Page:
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I WANT TO CHANGE MY JOB

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THE PATIENT
Wendy Johnson, 41, is an assistant accountant and lives in London

Wendy says “I’ve spent the last ten years working at a City firm. It started as a stop-gap to earn a bit of cash and, although the people I work with are great, I’ve realised my thirties are behind me and the time to realise my dream of working in the fashion industry is running out. I know it’s incredibly hard to get a foot in the door and I’m not sure where to start. Now I’m in a trap: I want a change, but I have a mortgage to pay and lots of commitments. Idream of being a fashion buyer, but don’t know if I’d have a chance of being considered because of my lack of experience. Should I be a grown-up and try to take my current career further – I’m doing evening classes inmanagement accountancy, which will
take about four years – or go for my dream job in fashion?”

THE EXPERT
Liz Wilde is a life coach and author

Liz says “Turning 40 often kickstarts a period of exciting change, as we realise the time to achieve our dreams is running out. Far from being ‘past it’, this is a time in Wendy’s life for new opportunities. She should re-evaluate who she is, how her aspirations have changed and what
she has achieved. She’s still pining for the dream job she lusted after as a teenager. But I want to get to the core of what’s holding her back and what she really wants from her career.

Step 1: Face The Fear

The rejection Wendy felt 20 years ago when she first tried to get a job in the fashion industry is still holding her back. She needs to recognise that she has achieved an enormous amount in the intervening years, progressing well in her current company, learning a raft of new skills and growing in confidence. Procrastination is often just fear of failure – your mind telling you, if I don’t try I can’t fail so it’s safer not to try at all. I want Wendy to separate her emotions from her CV, and remember that a company rejecting her isn’t a personal slight – it’s simply that her experience isn’t quite right.

Step 2: Bolster Confidence

I want Wendy to create a ‘success showreel’ in her mind, by writing down all the things she’s achieved in the past ten years of which she’s proud. Next, I want her to visualise them in her head, like a video of her ‘best bits’. When she’sheading into an interview and feeling nervous, or finding herself procrastinating, simply pressing play in her mind will get her back on track and remind her of her strengths and attributes. Another confidence-boosting trick is to< keep a ‘victory log’ – every time someone says or writes something positive about you, simply jot it down in your log in quote marks. Looking back on comments like, “You did a fantastic job on that project”, is a wonderful boost.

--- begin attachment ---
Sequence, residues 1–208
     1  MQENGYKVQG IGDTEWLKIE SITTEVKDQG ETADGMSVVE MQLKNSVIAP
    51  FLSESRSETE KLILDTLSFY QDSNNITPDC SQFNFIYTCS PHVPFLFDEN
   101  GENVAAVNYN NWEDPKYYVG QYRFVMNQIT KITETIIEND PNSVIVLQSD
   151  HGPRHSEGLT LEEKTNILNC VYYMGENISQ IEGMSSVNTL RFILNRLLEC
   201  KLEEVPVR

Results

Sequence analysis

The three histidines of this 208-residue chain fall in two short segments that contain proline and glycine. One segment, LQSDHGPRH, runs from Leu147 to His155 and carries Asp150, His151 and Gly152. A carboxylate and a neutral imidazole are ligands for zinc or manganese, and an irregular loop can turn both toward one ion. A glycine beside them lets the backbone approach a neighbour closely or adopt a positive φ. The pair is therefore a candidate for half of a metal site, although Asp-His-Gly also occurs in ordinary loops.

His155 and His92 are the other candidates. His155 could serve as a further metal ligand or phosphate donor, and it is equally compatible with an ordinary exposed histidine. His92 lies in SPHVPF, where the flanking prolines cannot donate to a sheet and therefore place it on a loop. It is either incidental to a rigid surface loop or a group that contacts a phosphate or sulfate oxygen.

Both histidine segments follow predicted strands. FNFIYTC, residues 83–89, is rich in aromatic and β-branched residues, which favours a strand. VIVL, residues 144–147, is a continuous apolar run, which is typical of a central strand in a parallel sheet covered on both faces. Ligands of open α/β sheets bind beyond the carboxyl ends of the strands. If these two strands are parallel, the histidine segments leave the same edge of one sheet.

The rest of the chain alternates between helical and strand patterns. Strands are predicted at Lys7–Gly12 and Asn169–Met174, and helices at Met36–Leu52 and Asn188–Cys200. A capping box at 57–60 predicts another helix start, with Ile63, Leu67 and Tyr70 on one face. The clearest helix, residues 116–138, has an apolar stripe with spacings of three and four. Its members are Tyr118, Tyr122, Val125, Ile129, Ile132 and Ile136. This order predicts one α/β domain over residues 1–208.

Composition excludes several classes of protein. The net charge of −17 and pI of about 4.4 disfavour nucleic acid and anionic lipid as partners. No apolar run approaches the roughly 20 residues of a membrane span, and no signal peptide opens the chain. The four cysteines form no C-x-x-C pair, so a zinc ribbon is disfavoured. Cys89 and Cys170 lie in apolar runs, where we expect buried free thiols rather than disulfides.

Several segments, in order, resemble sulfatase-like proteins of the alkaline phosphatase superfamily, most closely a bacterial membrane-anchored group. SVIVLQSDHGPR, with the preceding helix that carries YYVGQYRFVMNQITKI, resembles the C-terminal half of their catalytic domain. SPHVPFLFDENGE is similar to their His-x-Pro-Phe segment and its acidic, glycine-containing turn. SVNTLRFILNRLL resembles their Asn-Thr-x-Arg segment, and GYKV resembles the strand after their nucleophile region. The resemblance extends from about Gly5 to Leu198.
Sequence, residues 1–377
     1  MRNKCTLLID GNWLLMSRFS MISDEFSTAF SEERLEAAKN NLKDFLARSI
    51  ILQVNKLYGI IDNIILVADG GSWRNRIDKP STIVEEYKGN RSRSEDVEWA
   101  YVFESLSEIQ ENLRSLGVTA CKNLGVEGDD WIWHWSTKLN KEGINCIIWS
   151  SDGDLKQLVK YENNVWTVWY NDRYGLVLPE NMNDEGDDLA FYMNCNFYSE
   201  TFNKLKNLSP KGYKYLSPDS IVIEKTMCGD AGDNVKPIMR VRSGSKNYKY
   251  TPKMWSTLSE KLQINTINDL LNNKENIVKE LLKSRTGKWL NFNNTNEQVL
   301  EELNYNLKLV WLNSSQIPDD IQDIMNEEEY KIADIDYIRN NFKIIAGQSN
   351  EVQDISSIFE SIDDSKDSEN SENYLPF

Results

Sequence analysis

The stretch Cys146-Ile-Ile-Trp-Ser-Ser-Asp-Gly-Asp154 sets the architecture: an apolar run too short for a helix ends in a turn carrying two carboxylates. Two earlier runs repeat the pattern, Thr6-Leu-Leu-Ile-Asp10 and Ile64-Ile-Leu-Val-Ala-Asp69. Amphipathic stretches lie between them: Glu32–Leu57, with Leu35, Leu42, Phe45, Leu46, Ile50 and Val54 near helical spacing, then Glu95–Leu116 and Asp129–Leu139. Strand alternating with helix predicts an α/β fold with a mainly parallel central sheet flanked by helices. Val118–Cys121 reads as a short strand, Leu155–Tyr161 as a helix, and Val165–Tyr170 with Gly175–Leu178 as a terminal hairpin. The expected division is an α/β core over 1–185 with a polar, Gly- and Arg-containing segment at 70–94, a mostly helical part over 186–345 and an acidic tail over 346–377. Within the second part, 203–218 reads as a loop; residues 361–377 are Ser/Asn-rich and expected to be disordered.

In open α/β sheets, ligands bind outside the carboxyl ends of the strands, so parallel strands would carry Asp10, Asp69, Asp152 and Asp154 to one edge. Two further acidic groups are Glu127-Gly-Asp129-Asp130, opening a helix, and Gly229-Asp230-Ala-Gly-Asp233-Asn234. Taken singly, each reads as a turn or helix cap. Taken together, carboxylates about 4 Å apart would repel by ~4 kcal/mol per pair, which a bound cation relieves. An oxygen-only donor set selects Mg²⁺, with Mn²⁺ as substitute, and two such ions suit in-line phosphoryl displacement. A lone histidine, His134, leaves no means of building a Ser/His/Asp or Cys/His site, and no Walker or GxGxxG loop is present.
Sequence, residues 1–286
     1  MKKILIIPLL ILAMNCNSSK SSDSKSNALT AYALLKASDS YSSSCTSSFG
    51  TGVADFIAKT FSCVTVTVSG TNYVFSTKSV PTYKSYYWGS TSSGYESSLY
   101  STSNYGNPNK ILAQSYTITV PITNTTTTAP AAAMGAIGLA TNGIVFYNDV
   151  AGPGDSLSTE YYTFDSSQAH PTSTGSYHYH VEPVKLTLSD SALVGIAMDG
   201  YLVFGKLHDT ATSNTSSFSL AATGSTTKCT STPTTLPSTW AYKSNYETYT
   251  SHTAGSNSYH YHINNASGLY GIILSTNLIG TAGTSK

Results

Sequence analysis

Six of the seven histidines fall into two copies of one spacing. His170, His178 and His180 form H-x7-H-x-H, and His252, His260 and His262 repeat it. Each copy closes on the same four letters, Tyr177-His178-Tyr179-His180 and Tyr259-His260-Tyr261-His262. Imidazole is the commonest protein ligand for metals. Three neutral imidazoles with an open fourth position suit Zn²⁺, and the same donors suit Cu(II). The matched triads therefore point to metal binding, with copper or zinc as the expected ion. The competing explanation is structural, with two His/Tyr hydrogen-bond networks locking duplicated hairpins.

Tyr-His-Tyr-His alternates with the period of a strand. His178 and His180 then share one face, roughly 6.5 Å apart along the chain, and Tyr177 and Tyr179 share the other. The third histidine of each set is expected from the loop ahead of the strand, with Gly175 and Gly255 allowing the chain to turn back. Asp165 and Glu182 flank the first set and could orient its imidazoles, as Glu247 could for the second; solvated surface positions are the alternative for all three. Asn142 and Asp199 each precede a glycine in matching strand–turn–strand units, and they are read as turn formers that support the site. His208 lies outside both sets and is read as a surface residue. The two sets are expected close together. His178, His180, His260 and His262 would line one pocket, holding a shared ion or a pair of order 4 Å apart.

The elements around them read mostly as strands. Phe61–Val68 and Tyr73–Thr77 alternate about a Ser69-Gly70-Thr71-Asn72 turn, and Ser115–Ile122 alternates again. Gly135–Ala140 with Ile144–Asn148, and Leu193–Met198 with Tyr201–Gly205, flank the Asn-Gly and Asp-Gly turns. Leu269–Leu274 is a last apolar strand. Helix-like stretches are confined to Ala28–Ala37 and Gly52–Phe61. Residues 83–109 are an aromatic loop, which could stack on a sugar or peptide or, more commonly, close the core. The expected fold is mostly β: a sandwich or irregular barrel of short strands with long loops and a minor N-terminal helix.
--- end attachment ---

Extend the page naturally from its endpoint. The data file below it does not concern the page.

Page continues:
Step 3: Demystify Your Dream

Wendy idolises a job in fashion, but this attitude makes it easier for her to keep it as a fantasy. She needs to stop imagining that having her dream job will make her life perfect, and start thinking practically. She’s actually in a really good position – although she has a mortgage to pay, she doesn’t have kids, so has some financial flexibility. By writing a list of the pros and cons of each job, it becomes clear that the overriding thing Wendy craves is to work in a more creative environment. Also, far from finding her current job mind-numbingly dull, she actually enjoys most aspects of it. Wendy thought her dream job was working as a merchandiser for a small fashion label, but I think she would miss the responsibility and analytical nature of the job she does now. It has become clear that Wendy just needs a career rejig, ie something very similar to what she does now but in fashion or another creative industry.

Step 4: Get Moving!

When a task seems daunting, it’s easy to avoid doing anything. By breaking it down into small, actionable tasks, it instantly seems less of a feat. We wrote a list of things for Wendy to do before our next session, such as getting her CV up to scratch, talking to her contacts in fashion, researching suitable jobs and sending off applications. By writing down a list of tasks and working your way through them, you’re taking the first step on the road to success.”

 

(c) Liz Wilde   Back to Features